Absolutely. So we deliberately built it in such a way that it is capable of being commercialized. Now, at the moment, the actual app itself references some of the client's specific own policies and procedures that that's easy to swap in and out. So, we can build an app. And yes, we've got a fixed fee employment advice service which is a mix of service and again, automation and workflow.
And for you, I'm one of the bolt-ons that we are going to add into that is a series of these sorts of apps that people can use and commercialize them. So the client will have a choice, you can either have the generic DDA app for you that you just step you through or for an extra fee will tailor it to you.
By adding in your own policies and procedures. Right. And make it specific and absolutely those sort of things. And that's really how the product innovation was. That was the genesis of the product innovation team that we put together in May, was to actually start to commercialize and turn some of these things into a product and knowing that we were a service product to them, we thought we probably ought to hire a product manager who knew about taking something, turning into product and how we were going to manage those products from idea to commercialization to actually retiring as well, because some of these products have a finite lifetime and.
00;24;19;14 - 00;24;42;10
So that leads me into one of my next questions, which is what does all this do to the makeup of a law firm in terms of the types of skills and roles that have been added because of this activity around innovation and technology? So, you mentioned a product manager. Are there you know, are there other roles that you see increasingly important?
And how are you managing sort of the integration of all of those new roles with a traditional law firm structure.
00;24;53;10 - 00;24;55;12
Well, there's quite a few questions that you want to.
00;24;55;19 - 00;24;55;23
Sorry about that
00;24;56;21 - 00;25;31;11
Of in terms of roles. This isn't an original thought because I've heard others express it, but it comes out and it's when you talk a little bit about allied professionals in the sense that to my mind, certainly from the sort of tenders that we see from clients and the conversations that people are having with clients, the successful law firm of the future is going to be one that can put together multi-disciplinary teams of people.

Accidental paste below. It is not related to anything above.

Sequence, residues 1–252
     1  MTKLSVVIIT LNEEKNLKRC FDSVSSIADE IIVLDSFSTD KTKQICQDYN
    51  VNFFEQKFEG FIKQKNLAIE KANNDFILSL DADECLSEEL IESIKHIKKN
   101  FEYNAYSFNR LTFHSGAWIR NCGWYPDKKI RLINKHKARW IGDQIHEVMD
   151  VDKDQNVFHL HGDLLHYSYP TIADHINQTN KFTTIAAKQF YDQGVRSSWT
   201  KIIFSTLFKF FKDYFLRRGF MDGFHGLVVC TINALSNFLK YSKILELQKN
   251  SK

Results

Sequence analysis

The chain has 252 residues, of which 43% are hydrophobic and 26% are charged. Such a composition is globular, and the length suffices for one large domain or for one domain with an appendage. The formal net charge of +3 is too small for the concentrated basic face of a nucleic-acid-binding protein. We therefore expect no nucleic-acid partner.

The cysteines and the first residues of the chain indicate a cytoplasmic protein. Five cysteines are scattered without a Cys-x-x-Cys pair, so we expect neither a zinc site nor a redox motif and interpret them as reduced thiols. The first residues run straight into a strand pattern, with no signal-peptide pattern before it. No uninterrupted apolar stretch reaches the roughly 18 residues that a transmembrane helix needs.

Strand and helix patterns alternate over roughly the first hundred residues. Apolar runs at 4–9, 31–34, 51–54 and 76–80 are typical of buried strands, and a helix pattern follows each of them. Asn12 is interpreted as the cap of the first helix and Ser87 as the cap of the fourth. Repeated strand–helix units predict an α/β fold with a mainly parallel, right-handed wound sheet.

And I don't mean a real estate lawyer, an employment lawyer and a tax lawyer. I mean a lawyer and a business analyst. And a project manager and a legal engineer and a developer, for example. I've put those groups of people together to solve problems with clients with an example of something that is almost, almost is going to be brilliant.
So where we can exactly where we could see an opportunity. The clients seem really interested in exploring the opportunity. We got a bunch of people in a room lawyers, developers, legal engineers, business analysts, project managers, maybe we got the lawyers to a place where what they thought they were going to have to build was a capability for hundreds of paralegals, or we ended up building was an app that had we been able to commercialize it, it would have been it solved the problem and it did what computers do, which is repeatable, predictable at scale.
Now, as it happens, legislation change faster than we were able to do with it. So, we never, never. But it was it was a beautiful example but it was in August, just as we were starting to get sort of post Covid. It was a first line for two years. You got people in a room together.
We have, you know, the magic paper, moist and sticky and all that kind of stuff and started talking about how we going to do this, how are we going to deliver it. I think it's my kind of saying increasingly you're going to see because if you listen to me, I spent 20 years going to conferences listening to GCs, and I still say the same thing, which begs a question.